Score: Me, 0; You: 100

I used to tell myself the reason I can’t wear skinny jeans is because I’m still carrying baby weight. My baby is nearly 7 years old. So really, it could’ve been that massive chicken & cheese burrito I’d been eating regularly that left me with creases on my waist from my jeans by the end of the day.

I used to tell myself that my kid just has more “spirit” than other kids when I really wished she’d just sit still for one flippin’ minute like those other sweet kids at Barnes & Noble reading hour instead of trying to scale a bookshelf.

I used to tell myself that I didn’t really want to look like Elizabeth Hurley, when in reality it’s because there’s not enough money in the world to pay for that transformation.

I used to tell myself that the reason I’m uncoordinated in Zumba is because I don’t have time to dedicate myself to the craft. In reality, I’m just plain uncoordinated and have no business ever being a fitness instructor.

I used to waste a lot of my precious time comparing my life to “shoulda” and “coulda” moments.

I used to insist on measuring my life’s success by comparing myself to others. After all, when you haven’t bothered to admire your own achievements, talents and abilities, the only recourse you have is to constantly take stock of others.

Then I got a grip and some self-esteem.

Have you ever listened to yourself? I mean really listened. Whether it’s an off-handed, self-depreciating joke or an internal monologue, I challenge you to actually hear what you say to and about yourself in the next 48 hours. When you call yourself a name, or feel ashamed of a body part or get jealous of someone else’s appearance – stop what you’re doing. Stop walking, stop talking – whatever – and reword what you just said. Instead of: “Ugh! I’m so stupid! I can’t believe I said that!” Stop, breathe and say “I made a mistake. I’m not stupid; I’m human.”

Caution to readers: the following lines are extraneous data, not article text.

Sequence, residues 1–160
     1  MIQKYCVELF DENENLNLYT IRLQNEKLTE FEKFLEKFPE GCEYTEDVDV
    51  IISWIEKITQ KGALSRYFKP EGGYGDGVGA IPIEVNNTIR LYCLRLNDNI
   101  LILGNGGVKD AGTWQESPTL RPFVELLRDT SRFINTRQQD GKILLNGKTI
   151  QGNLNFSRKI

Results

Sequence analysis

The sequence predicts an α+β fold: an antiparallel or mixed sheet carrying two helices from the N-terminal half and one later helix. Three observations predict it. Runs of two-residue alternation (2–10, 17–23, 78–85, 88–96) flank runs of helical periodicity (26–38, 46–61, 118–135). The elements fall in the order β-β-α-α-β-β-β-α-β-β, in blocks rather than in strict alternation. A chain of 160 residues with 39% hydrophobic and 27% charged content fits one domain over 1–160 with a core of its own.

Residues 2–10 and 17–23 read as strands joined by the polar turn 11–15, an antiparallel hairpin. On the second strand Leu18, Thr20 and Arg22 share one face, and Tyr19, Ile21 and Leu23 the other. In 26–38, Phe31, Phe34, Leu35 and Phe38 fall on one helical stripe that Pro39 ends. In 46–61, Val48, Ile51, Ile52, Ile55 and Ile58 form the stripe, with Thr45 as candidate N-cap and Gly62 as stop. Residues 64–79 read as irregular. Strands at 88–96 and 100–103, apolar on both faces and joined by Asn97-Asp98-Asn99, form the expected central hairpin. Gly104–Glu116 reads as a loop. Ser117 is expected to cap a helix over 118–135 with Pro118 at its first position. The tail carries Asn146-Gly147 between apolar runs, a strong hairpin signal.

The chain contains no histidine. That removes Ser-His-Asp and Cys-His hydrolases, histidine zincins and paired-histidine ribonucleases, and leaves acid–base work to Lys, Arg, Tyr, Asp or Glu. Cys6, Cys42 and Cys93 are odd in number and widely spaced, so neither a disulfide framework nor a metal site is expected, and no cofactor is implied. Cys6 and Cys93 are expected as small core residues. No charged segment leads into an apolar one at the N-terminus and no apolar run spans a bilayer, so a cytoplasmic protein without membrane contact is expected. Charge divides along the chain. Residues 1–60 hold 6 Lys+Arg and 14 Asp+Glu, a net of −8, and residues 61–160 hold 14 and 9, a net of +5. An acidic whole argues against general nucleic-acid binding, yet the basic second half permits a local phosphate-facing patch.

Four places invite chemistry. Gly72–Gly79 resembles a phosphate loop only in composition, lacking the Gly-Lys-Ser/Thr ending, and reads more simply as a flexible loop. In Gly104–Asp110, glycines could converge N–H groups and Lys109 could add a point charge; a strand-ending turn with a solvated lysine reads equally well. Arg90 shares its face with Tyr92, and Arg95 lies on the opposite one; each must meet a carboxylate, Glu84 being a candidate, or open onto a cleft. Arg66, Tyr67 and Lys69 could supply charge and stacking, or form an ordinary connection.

Would you ever say the same things you say to or about yourself to someone else – someone you love? Then why would you say it to someone you have to be with 24/7, yourself?! Why do others deserve so much more respectful treatment form you than YOU do?

Comparing yourself to others is fear in its most basic form. You remember your ego don’t you? It’s the little annoying voice in your head that is constantly making you twitch because you need to feel bigger and better than other people. Your ego is telling you to fear normalcy and envy what you don’t have. Quite frankly, what other people are doing or saying or achieving is none of your business. It’s time to turn the tables on your on ego. Realize that if someone has something you don’t, it doesn’t make him or her better than you. Understand that a person could be richer, more popular or even more intelligent than you but it doesn’t mean you don’t have things that he or she doesn’t have.

Look around. Maybe the only person keeping score on you, IS you.

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